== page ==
Between the on-going COVID-19 pandemic and last year’s holiday season that saw record-high demand, companies everywhere are expecting significant shifts1 in how to get products directly to customers. But last-mile delivery isn’t the only part of the supply chain experiencing something of an overhaul – global supply chains have been in the process of “rebalancing,”2 pulling away from heavy manufacturing and sourcing in China and considering alternatives. Reevaluating from top to bottom, from sourcing and manufacturing to delivering to a customer’s doorstep, requires professionals to employ strategies to optimize the supply chain, and strategies that have centered upon a domestic rather than global supply chain often employ ideas that aren’t suited to the demands and needs of working across multiple countries.
While much advice pertains to the upstream portion of supply chains, what about the impacts downstream? In their co-authored article, “Postponement Strategies for Global Downstream Supply Chains,”3 Lorenzo Bruno Prataviera, Sara Perotti, Marco Melacini, and Emilio Moretti of Politecnico di Milano present an alternative framework for thinking about how to utilize postponement on a global scale.
Postponement was first proposed as a method for improving efficiency in marketing systems that aimed to reduce costs related to uncertainty and the physical movement of goods by delaying changes to the product’s form or inventory’s location to the last possible moment, or until receiving customer orders. But with supply chains no longer remaining within a centralized, domestic space, the expansion necessitates an introduction of “where,” not just “when” – where to postpone and for how long. There’s also the issue of “what,” or what operations to perform within the global distribution network, also known as the postponement boundary problem. Expansion of supply chains across countries requires companies to consider issues such as customs duties and tariffs, trade barriers and cross-border trade processes, transfer prices and corporate tax rates, government regulations and local content requirements, different transport modes, and the fluctuating costs of production factors and of raw materials. Sourcing and manufacturing in another country might be more cost-effective, but now requires companies to consider the price of getting it from point A to point B.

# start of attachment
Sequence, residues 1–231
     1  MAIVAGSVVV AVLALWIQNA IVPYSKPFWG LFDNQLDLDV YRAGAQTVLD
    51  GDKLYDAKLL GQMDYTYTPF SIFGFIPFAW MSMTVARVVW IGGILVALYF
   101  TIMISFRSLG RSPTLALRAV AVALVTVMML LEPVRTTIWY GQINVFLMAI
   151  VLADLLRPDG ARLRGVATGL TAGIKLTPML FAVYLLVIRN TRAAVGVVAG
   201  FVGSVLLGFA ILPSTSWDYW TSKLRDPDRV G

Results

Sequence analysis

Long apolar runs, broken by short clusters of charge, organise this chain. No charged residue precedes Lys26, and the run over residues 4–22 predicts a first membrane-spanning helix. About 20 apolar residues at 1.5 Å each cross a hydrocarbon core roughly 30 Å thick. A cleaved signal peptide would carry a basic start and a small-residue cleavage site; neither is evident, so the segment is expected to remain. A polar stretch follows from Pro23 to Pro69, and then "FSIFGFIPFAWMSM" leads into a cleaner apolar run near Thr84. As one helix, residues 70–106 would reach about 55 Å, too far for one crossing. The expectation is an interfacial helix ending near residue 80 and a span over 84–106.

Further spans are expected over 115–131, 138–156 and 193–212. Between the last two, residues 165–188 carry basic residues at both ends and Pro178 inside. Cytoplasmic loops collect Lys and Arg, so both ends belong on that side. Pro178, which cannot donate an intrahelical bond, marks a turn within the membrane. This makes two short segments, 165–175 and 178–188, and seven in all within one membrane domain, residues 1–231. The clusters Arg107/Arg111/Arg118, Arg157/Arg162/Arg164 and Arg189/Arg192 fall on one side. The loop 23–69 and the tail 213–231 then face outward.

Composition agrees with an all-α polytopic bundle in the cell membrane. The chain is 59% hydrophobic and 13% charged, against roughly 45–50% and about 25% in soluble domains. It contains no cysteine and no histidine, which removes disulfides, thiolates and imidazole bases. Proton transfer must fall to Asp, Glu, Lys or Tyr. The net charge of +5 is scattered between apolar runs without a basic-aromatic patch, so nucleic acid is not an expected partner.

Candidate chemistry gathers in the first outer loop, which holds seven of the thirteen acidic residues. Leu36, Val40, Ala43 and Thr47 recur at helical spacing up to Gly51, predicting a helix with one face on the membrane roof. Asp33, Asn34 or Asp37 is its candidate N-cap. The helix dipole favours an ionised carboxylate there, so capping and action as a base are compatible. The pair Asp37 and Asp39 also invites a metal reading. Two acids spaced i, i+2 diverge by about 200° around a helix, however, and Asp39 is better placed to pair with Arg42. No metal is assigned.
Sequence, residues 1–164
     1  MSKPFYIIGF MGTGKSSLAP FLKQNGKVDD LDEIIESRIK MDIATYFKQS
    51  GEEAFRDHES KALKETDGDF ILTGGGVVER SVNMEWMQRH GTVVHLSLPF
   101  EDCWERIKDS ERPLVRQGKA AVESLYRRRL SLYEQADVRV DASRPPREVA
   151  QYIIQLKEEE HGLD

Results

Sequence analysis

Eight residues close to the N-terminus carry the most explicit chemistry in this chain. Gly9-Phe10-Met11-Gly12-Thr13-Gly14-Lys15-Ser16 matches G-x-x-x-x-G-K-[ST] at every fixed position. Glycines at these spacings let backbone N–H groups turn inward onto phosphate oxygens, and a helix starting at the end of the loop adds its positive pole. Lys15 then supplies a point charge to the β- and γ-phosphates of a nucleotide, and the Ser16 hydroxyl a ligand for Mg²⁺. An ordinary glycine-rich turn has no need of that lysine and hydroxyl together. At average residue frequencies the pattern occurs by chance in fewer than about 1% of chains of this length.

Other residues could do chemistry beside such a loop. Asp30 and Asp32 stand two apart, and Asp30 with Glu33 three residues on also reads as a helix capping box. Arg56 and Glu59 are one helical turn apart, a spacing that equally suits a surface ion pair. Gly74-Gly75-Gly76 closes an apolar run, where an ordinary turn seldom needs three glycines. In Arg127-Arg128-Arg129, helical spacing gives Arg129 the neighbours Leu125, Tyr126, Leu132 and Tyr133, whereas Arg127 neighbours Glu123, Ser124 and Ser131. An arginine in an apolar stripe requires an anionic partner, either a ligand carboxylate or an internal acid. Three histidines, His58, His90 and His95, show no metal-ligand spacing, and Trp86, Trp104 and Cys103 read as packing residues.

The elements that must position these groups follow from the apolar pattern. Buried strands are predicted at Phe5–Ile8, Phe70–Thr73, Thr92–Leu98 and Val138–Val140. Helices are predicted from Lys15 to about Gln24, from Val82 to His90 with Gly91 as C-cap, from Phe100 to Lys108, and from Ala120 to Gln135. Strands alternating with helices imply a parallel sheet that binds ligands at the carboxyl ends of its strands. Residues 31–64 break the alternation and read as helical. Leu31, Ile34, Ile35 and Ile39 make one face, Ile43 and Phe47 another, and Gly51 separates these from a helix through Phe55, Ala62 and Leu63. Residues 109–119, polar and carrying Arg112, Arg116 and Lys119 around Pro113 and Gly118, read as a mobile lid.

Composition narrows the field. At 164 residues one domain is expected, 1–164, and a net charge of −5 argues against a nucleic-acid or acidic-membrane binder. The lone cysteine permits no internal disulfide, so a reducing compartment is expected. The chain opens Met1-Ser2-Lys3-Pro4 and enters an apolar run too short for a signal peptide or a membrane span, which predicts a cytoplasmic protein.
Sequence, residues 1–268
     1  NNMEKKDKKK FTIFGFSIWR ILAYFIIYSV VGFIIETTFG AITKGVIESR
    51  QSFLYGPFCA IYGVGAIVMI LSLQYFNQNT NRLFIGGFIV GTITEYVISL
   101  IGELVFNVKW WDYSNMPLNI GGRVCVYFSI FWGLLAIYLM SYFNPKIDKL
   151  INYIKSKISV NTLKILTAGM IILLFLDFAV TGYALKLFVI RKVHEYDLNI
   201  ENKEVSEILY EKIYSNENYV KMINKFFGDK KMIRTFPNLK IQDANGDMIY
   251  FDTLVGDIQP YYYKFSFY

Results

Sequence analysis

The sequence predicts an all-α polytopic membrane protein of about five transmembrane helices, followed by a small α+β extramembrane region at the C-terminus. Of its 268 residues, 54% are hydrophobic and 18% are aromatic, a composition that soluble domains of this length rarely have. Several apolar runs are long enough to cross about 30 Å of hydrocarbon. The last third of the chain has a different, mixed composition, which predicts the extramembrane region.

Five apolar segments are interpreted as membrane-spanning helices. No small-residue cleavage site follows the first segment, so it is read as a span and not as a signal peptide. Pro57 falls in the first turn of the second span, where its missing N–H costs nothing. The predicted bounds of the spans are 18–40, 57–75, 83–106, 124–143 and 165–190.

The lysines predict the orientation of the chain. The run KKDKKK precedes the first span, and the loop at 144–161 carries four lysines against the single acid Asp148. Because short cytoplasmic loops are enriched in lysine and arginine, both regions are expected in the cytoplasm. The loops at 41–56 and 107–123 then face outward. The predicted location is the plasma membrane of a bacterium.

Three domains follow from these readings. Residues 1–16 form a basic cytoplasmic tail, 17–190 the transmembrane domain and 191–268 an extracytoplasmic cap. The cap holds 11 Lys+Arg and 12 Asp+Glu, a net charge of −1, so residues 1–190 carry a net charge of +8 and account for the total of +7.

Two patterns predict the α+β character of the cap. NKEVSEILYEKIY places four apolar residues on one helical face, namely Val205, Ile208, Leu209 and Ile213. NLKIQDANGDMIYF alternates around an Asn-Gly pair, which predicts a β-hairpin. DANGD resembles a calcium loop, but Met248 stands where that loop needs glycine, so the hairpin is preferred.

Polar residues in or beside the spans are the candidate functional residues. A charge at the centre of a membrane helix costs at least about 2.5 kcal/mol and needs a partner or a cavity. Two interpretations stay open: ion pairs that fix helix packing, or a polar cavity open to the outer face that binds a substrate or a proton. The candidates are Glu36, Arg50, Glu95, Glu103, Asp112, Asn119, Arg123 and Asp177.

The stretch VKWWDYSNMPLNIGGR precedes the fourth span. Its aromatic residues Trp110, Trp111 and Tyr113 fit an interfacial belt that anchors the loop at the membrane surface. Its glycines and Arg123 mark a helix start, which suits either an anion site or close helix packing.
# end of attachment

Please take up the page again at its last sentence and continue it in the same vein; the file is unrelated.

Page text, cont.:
Prataviera, Perotti, Melacini, and Moretti all propose a new theoretical framework for examining global supply chains that draws a bridge between the existing postponement strategies and associated global challenges. By expanding the traditional vertical axis to include all operations related to both manufacturing and logistics, this opens up the horizontal axis to include where operations should be performed, resolving the postponement boundary problem. Their framework also includes operations that can be undertaken before or after customers’ orders.
What does this mean for professionals? Managers should use the framework as a basis for analyzing their global supply chains and decide where and when to perform each operation, allowing them to evaluate the suitability of their various strategies and investigate future developments that might improve efficiency and profit across the board.